No Thanks
Let

Keep In Touch With MarthaStewart.com

Sign up and we'll send inspiration straight to you.

Martha Stewart takes your privacy seriously. To learn more, please read our Privacy Policy.

Island Inspirations

Martha Stewart Living, August 2009

Give your rooms a tropical touch with fabric projects borrowed from Hawaii's celebrated quilting tradition.

Templates
Island Inspirations: A Glossary of Our Patterns

Techniques
Preparing Appliques

Projects
Pineapple Decoupage Votives
Rice-Paper Wall Art
Stenciled Hawaiian-Print Bed Linens
Hawaiian Quilted Pillow Cover
Stenciled Hawaiian Flower Cushions and Lauhala Mats
Applique Robe with Hawaiian Floral Print
No-Sew Applique Curtains with Ginger Flower Print

Inspired by the islands' lush tropical flora, Hawaiian appliqued quilts have swirls of stitching that appear to ripple with the breeze. The kaleidoscopic motifs are decidedly modern, which belie the textiles' history, spanning more than 175 years.

Quilts in the American and European style came to the Hawaiian islands in the 1820s, brought by missionaries who shared the technique with local women. Then, as now, mainland examples called for elaborate piecework in an array of hues. But in Hawaiian hands, the needlecraft evolved to suit island tastes and realities. 

Faced with a limited fabric selection, resourceful quilters developed a two-color design, typically pairing a vibrant tone with white. To limit fabric waste, they worked with a central applique -- a four- or eight-point motif -- that popped against the neutral background. 

The quilters, in tune with their natural surroundings, adapted the forms of native plants, flowers, and fruits for the appliques. Ferns, hibiscus blossoms, and 'ulu ( breadfruit) were among the early favorites. Motifs were often created with a special person in mind, and patterns were guarded as a secret family recipe might be. The textiles were finished with what quilters call contour, or echo, stitching, a type of surface handiwork that reiterates the motif's curves in successive waves.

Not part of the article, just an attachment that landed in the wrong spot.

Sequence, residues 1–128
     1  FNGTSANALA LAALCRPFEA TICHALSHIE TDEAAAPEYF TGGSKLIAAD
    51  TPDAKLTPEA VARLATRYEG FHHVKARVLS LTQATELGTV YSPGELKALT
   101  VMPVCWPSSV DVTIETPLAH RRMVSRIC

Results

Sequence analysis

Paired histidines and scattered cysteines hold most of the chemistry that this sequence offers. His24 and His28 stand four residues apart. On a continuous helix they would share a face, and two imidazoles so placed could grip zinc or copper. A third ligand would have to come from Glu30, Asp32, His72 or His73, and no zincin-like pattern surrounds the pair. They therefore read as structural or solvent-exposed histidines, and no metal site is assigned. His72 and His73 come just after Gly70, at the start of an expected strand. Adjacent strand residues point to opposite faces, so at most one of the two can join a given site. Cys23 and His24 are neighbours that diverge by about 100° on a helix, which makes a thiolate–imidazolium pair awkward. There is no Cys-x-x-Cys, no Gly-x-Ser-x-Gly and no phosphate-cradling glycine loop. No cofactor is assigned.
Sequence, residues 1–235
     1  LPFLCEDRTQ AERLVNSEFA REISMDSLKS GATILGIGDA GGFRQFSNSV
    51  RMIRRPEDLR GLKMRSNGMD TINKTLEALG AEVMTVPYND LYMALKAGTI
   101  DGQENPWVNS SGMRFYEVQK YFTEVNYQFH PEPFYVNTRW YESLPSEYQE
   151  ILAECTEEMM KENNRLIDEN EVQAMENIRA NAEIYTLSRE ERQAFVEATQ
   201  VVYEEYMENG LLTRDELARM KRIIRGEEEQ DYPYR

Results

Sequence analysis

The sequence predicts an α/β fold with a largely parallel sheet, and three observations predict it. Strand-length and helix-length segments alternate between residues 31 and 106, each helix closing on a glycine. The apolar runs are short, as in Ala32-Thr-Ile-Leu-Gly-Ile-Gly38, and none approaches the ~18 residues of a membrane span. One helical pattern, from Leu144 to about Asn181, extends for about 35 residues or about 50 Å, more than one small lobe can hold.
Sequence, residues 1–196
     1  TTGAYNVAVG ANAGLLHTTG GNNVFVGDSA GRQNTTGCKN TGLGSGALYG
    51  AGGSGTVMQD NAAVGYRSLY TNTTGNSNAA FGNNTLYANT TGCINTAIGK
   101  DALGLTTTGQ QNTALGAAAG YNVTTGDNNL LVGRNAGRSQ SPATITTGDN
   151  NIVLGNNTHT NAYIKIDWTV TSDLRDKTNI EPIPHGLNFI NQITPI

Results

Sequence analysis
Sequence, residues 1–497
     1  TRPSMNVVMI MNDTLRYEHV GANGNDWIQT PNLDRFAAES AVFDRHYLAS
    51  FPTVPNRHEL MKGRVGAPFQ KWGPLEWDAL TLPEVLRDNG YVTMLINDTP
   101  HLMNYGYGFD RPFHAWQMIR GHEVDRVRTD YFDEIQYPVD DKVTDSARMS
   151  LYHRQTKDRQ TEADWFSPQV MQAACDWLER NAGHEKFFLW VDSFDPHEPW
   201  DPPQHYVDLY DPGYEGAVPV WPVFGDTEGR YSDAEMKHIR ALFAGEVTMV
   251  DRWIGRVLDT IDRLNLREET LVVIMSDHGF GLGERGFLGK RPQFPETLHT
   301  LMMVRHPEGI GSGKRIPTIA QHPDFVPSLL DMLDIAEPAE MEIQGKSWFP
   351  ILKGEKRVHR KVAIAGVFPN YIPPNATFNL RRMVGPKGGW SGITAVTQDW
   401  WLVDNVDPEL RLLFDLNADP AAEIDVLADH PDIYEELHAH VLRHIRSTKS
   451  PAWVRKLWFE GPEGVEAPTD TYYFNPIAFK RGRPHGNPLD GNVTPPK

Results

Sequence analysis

Before long, the beautiful quilts attracted overseas admirers, giving rise to newspaper articles, books, and classes. Starting in the 1920s, fine-arts museums featured the work in exhibits, including one at the 1933 Chicago World's Fair. By the 1970s, patterns once kept in private holdings were available to the public. 

The Hawaiian craft lives on today, as shown in the masterful teal-and-off-white quilt, above. With wide-brimmed monstera leaves as inspiration, it was designed for a wedding in 2001 and sewn over the next six years by a talented aunt of the bride's. 

Here, the eye-catching motifs travel beyond quilts to simpler fabric projects. By using stenciling, applique, and classic needlework technique on a smaller scale, you can brighten your decor with patterns from the Pacific, and say aloha to a time-honored tradition.